Thousands protest at the border as Trump tours Texas wall site
Trump's wall has no appeal to people who live right on the border. | Eric Gay/AP

McALLEN, Texas—Thousands descended on McAllen, Texas,  Jan. 10 to protest GOP President Donald Trump’s visit and his plans to erect part of his Mexican Wall there.

Chanting “No border wall,” and drawing long and sympathetic honks from passing motorists in the southern Texas city, the demonstrators made it clear that Trump’s Wall would devastate families, businesses, farms, the environment, trade and even life and death.

Trump didn’t pay attention as he toured the U.S. Customs and Border Patrol station, plus a nearby wall site, in McAllen for what even he – cursing out his aides – termed “a photo op.” But he also didn’t budge on his demand that Congress kneel in obedience and give him $5.7 billion to start the wall.

He even threatened declaring an alleged “national emergency” to allow him to take the money for his wall from the Pentagon or from disaster relief funds intended to rebuild after the California wildfires and the hurricane in Puerto Rico. His right-wing xenophobic anti-Latino base loves the idea of a  wall, but many foes call it racist. And the numbers of those foes increased as hundreds of thousands of federal workers received paycheck with a big fat zero in the net pay box. They are among the growing numbers of Americans literally held hostage by the president’s refusal to end his government shutdown until Congress bends to his will.

Texas residents living on the border are among those most vocally opposed to building a wall “We aired frustration with the Department of Homeland Security,” one speaker at the outdoor rally said.

Trump’s “anti-immigrant campaigns” have caused “discord, death and destruction” in Texas border communities, one young man wielding a bullhorn and standing atop a ladder at the anti-wall outdoor rally told the crowd.

Protesters included members of the Rio Grande Valley Equal Voice Network/Immigration Working Group, La Union del Pueblo Entero (LUPE), A Resource in Serving Equality, the Texas Civil Rights Project – which is noted for sending lawyers pro bono to represent migrants the Border Patrol picks up and jails – the Texas chapter of the American Civil Liberties Union, Proyecto Juan Diego, Proyecto Azteca and Fuerza Del Valle.

“The only border crisis is the one created by President Trump for political gain at the expense of the rights and the lives of migrants who have the right to seek asylum at the U.S. border,” Astrid Dominguez, director of the ACLU Border Rights Center, told a press conference before the protest.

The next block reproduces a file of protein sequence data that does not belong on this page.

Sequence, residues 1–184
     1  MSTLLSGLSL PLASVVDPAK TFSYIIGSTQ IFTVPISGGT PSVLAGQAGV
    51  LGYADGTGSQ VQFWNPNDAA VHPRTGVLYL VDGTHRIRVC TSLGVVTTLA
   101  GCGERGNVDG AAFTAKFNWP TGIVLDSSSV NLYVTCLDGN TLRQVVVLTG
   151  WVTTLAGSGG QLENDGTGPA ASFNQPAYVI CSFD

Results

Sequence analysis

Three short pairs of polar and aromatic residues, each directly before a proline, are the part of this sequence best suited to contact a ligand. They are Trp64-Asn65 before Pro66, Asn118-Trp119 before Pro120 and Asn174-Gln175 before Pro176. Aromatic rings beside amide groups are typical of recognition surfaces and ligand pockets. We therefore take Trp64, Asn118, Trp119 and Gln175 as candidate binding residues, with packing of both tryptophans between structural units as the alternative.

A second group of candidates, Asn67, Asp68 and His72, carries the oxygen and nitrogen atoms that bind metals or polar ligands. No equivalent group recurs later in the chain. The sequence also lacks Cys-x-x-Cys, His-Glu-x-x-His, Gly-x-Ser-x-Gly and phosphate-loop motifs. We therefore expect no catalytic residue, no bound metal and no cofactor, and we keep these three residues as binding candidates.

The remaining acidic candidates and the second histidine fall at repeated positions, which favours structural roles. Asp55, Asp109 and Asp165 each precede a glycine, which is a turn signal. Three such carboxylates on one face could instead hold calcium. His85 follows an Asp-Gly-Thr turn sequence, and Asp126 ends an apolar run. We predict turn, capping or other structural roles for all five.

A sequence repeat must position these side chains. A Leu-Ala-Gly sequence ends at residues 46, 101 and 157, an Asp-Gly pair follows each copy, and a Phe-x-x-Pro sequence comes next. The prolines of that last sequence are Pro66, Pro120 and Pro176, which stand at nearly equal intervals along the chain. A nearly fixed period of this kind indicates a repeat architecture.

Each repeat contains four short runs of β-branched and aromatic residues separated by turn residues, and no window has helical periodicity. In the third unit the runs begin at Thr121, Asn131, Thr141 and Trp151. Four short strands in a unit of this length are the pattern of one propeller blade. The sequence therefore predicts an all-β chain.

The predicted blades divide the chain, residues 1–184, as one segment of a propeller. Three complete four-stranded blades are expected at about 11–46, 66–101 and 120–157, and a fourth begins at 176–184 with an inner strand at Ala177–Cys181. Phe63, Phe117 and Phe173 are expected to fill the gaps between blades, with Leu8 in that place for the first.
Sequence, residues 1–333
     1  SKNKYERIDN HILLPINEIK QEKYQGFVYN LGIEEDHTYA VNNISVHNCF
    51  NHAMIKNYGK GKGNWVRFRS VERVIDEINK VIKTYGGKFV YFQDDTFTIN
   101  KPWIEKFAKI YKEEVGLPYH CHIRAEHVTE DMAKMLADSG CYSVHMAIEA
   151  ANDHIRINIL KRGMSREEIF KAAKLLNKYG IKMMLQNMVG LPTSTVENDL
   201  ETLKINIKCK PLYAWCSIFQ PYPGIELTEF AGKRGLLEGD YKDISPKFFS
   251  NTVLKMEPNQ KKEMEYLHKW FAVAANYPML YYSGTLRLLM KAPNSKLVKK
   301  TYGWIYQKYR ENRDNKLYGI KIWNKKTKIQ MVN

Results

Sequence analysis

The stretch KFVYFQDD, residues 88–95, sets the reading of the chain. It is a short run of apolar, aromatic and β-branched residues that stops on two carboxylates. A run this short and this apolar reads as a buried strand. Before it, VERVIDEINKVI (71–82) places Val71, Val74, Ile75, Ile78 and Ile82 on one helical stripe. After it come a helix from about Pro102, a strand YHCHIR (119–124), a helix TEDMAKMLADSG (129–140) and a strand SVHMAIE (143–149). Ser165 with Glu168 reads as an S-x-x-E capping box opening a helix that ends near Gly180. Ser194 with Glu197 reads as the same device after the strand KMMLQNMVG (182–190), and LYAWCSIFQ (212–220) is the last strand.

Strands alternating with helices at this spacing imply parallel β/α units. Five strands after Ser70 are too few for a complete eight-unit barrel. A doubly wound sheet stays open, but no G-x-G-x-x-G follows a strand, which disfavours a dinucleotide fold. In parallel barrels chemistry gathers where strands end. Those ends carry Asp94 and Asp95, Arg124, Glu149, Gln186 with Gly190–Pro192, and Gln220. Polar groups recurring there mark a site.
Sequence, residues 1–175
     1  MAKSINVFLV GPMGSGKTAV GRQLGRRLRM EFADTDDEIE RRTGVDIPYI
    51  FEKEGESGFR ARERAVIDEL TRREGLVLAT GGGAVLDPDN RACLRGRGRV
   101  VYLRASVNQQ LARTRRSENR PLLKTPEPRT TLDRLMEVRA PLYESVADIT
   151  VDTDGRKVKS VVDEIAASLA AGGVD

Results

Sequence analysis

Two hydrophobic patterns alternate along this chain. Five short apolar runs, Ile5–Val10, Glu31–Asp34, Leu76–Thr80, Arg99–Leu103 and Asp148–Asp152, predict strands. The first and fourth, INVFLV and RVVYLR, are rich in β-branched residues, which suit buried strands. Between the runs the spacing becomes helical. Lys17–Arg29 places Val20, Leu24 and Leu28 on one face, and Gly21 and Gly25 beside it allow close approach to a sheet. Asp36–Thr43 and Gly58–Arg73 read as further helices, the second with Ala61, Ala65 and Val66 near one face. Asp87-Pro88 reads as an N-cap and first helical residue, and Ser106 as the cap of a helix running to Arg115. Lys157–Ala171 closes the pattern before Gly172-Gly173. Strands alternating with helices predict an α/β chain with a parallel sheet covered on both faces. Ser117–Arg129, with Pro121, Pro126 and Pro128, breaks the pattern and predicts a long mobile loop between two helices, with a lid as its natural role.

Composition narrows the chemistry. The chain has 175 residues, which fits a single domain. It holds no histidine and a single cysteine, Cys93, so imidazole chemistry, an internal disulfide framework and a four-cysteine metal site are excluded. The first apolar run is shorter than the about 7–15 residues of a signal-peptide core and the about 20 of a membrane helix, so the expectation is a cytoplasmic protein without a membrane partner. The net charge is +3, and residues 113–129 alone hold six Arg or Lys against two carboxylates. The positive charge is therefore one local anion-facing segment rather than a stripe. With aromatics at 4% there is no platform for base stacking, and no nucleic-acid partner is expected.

“The crisis created by this administration also harms the people in our border communities, who have rallied to provide migrants with needed humanitarian aid and overwhelmingly oppose Trump’s wall obsession,” she continued.

“Additional barrier construction would devastate our homes and environment, result in massive land seizures by the federal government, and stand irreparably as a monument to hate and xenophobia. Trump’s repeated lies portraying the border as dangerous are racist and echo the rhetoric of white supremacy, not facts.”

“There is no crisis on the border except the one created by the president and his divisive policies,” added LUPE Executive Director Juanita Valdez-Cox.

“If we are truly talking about security, border communities need the security of well-paying jobs, quality education, robust healthcare, and dignified housing and neighborhoods. Demand $5 billion for that and border communities will welcome your arrival…Demand a wall and more border militarization and we’ll tell you to keep your hateful, divisive politics out of our communities.”

As for Trump, “He is not welcomed at Rio Grande Valley, and we do not need a wall,” she said.

But even before he traveled to McAllen, Trump said he’d invoke the “national emergency” to get the money to build his wall if Congress doesn’t kowtow to his $5.7 billion demand. The Democratic-run U.S. House resolutely refuses to do so.

“I have the absolute right to declare a national emergency. The lawyers have so advised me. I’m not prepared to do that yet, but if I have to I will. I have no doubt about it. I will. I have the absolute right to declare,” Trump thundered. “I haven’t done it yet. I may do it. If this doesn’t work out, probably I will do that. I would almost say definitely…. This is a national emergency.

“If we don’t make a deal, I mean, I would say 100 percent but I don’t want to say 100 percent because maybe something else comes up. But if we don’t make a deal, I would say it would be very surprising to me that I would not declare a national emergency.”

Such a move would certainly be challenged in the courts as unconstitional and even lawmakers who think Trump may have the authority to declare such an emergency say they are opposed to it. Sen. Lindsey Graham, R-S.C., who has become Trump’s water boy, has been urging publicly that Trump make the move.


CONTRIBUTOR

Mark Gruenberg
Mark Gruenberg

Mark Gruenberg is head of the Washington, D.C., bureau of People's World. He is also the editor of Press Associates Inc. (PAI), a union news service in Washington, D.C. that he has headed since 1999. Previously, he worked as Washington correspondent for the Ottaway News Service, as Port Jervis bureau chief for the Middletown, NY Times Herald Record, and as a researcher and writer for Congressional Quarterly. Mark obtained his BA in public policy from the University of Chicago and worked as the University of Chicago correspondent for the Chicago Daily News.

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